‘Standing on the high school’s lacrosse field in the town I never thought I’d go back to, I wait for my turn to do suicides.’
Why did he think he’d never go back? I’m a huge fan of the tragic back story, so I was flooded with questions when I read this first sentence.
John’s back in the town he swore he’d left for good. After his brother Ryan was injured in an accident that was his fault, John struggled with his anger issues until he was sent away to live with his father and Uncle Dave, but following his girlfriend Leah’s suicide – and a run-in with the law thanks to his tendancy alcohol and his future goals being focused on selling weed in California – he’s been sent home to spend the rest of his senior year with his mother, little sister Livy and the boy he thinks of as New Ryan.
He quickly meets next door neighbour Emily, who seems to be the quintessential good girl based off of how neatly she stacks her textbooks on her passenger seat. John doesn’t want to get involved with anyone – it’s too soon after Leah – but there’s something about Emily that draws him in.
As Ryan gets worse, John struggles to stay sober. He has compulsory drug tests every few weeks to ensure that he hasn’t broken the conditions of his bail, and he doesn’t want to screw up and let his family down once again.
Exploring the way disability impacts every member of the family, we follow John as he comes to terms with his grief over Leah, beginning to move on with his life and make plans for his future, and how he starts to deal with his guilt over Ryan, accepting his part in the events of that fateful day.
I didn’t realise this was a companion novel to ‘The Sister Pact’ until I stumbled over someone’s comment on Goodreads over halfway through the story. That explained my frustration over why Leah’s story wasn’t getting told properly: it’s already been dealt with in another book. It makes ‘The Homecoming’ less satisfying as a standalone, because half of the story isn’t actually told. All we know about Leah is that she killed herself, she had a sister called Allie and she was a fan of ‘Great Expectations’.
But that isn’t the only thing that makes ‘The Homecoming’ struggle to stand on its own two feet. The friendship – and then relationship – between John and Emily is flat, and her insinuated relationship with her cousin isn’t fully explored enough to be emotionally impactful. We know that he’s in trouble but get no real answer as to why, and when she runs off to talk to him and comes back with red puffy eyes, the situation is resolved but doesn’t seem relevant to the bigger picture. Her and John almost have sex but then her parents come home, and after they argue, ingore each other for a couple of weeks and eventually make up he asks her if they’re back together. They never officially got together, so that seemed a little presumptuous – just because a girl wants to sleep with you, doesn’t mean she wants a relationship. I might have felt differently if I’d been familiar with John’s relationship with Leah, but based off of just this story I didn’t feel anything towards their characters.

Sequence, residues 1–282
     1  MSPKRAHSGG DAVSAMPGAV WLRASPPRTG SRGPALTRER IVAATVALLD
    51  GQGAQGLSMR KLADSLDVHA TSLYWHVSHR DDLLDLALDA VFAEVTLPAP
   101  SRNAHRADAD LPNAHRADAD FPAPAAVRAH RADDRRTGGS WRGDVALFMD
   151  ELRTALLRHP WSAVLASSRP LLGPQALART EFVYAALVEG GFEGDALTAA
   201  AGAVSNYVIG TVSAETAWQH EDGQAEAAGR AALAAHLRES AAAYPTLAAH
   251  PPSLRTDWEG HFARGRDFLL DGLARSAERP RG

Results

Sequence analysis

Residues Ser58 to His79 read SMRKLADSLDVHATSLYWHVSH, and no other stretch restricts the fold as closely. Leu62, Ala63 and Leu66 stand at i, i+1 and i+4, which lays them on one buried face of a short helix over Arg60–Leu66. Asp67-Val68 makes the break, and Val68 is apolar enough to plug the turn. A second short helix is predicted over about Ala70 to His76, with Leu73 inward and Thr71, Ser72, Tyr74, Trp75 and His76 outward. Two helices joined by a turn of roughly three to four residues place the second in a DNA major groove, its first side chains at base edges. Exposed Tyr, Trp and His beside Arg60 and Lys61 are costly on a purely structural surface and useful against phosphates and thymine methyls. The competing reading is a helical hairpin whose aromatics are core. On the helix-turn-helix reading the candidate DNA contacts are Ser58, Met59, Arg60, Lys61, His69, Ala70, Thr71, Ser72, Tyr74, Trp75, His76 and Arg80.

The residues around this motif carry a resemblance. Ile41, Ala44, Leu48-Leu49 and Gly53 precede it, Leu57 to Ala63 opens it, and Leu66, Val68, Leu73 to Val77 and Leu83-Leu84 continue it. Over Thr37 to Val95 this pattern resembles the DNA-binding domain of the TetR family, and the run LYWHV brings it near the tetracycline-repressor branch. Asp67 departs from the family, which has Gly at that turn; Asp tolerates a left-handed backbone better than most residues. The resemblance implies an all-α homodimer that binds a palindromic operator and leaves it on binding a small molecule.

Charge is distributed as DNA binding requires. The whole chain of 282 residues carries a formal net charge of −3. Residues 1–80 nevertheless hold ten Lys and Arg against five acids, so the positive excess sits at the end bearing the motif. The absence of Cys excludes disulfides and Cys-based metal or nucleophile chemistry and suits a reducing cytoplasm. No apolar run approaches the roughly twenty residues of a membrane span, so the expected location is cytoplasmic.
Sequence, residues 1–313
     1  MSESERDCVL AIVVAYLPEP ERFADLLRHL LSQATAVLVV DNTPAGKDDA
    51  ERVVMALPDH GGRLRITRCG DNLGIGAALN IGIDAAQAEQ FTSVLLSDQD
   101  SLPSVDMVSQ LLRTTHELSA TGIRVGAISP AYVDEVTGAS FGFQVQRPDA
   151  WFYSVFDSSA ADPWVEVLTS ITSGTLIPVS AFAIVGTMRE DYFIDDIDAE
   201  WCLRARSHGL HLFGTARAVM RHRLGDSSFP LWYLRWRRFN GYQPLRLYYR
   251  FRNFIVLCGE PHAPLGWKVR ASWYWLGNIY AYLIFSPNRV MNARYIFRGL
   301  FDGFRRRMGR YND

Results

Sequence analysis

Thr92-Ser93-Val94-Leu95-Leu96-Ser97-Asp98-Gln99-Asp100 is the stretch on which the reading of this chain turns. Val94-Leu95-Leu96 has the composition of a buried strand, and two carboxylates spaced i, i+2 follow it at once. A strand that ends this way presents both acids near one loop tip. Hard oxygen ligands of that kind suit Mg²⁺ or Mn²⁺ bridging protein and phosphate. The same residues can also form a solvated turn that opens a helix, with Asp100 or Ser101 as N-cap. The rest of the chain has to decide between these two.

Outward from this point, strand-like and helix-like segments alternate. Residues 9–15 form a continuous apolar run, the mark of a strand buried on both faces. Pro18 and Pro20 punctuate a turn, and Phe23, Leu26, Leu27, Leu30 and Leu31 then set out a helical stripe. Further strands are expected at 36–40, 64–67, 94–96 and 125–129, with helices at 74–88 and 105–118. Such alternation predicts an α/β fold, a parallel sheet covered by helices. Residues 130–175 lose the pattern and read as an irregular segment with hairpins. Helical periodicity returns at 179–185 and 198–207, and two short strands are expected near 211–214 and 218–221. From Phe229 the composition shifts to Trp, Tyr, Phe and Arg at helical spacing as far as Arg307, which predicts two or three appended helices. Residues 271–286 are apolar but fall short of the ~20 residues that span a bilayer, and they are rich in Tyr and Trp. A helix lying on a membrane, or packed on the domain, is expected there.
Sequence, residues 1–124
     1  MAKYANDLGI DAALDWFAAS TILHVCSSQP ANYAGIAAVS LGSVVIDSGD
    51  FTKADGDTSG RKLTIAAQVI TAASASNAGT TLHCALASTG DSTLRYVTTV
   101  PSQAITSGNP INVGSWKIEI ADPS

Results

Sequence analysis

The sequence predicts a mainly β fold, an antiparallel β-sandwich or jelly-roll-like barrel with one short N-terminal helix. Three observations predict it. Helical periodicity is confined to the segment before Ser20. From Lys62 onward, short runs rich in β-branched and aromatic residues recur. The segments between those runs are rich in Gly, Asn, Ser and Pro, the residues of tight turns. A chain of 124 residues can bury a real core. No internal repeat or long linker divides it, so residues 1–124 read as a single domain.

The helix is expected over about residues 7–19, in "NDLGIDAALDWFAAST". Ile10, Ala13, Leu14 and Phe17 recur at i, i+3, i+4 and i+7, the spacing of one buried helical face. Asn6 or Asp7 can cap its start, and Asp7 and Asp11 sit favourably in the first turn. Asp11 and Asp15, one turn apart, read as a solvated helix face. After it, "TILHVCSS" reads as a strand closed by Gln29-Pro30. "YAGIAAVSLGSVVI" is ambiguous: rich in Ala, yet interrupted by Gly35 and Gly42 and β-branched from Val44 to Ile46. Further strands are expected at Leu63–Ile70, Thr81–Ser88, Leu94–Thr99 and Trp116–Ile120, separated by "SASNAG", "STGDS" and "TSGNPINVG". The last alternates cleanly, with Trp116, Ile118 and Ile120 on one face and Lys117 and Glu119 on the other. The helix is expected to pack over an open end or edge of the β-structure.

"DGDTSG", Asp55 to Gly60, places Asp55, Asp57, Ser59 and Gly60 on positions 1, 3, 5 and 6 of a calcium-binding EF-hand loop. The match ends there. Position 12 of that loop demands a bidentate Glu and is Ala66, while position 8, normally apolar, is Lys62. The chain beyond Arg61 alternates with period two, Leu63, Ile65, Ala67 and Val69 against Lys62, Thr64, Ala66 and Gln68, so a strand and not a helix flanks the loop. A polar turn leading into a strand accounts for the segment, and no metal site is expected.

The other problem is that John’s narrative doesn’t sound masculine. A while had passed between me requesting this title and actually reading it and because the synopsis wasn’t fresh in my mind I read the first few pages genuinely believing this was a girl whose girlfriend had killed themselves, rather than a boy. I know boys do internally ruminate on their feelings, but John’s tendancy to live in the past felt more feminine, further cementing the disonnect that plagued me.
The ending is rushed, and while three quarters of the book are leading up to finding out the reason John blames himself for Ryan’s accident, the reveal only takes a few pages and a conversation that is quickly brushed over. He feels guilty not because Ryan skateboarded away from him into the road, but because he pushed him.
This dramatic reveal is then diminished by the knowledge that Pete was texting while driving, meaning you can blame Ryan’s accident on teen stupidity or sibling rivalry, but the moral of the story seems to be: be careful while driving and if arguing with someone near a road.
I know it’s meant to represent that lots of different factors contribute to accidents, and you can’t pin something to one specific cause, but it muddles and it feels like the boys are trying to outdo each other: “Oh, it’s nice that you pushed him into the road, but I was texting!”.
I did appreciate the fact that Ryan wasn’t born with his disability, making it possible for the book to explore the impact on his family and how they came to terms that he had been fundamentally changed. I’ve seen disabilities represented in YA before, but not like this (or, at least, not that I can remember being written as effectively as this story). The frank discussion regarding different types of treatment and the possibility of moving Ryan into a more suitable environment were thought-provoking and well-researched, free of a judgmental attitude towards Ryan’s mother for requiring more professional help for her son.
If the story had been more focused on Ryan, rather than trying to deal with John’s grief, blame and struggle with drugs and alcohol, I think I would have enjoyed it much more – instead it felt like a smorgasbord of teenage issues that weren’t completely or satisfyingly tackled.
I haven’t read ‘The Sister Pact’ yet, so can’t definitely say if I would recommend reading that title first, but if you like having as much of a character’s back story as you can that’ll be a good place to start. I really enjoyed Stacie Ramey’s writing and her willingness to tackle emotionally involving topics, even if I did think the relationship between John and Emily was a little undeveloped.
If you like contemporaries that aren’t afraid to deal with hard-hitting subjects, ‘The Homecoming’ is the book for you.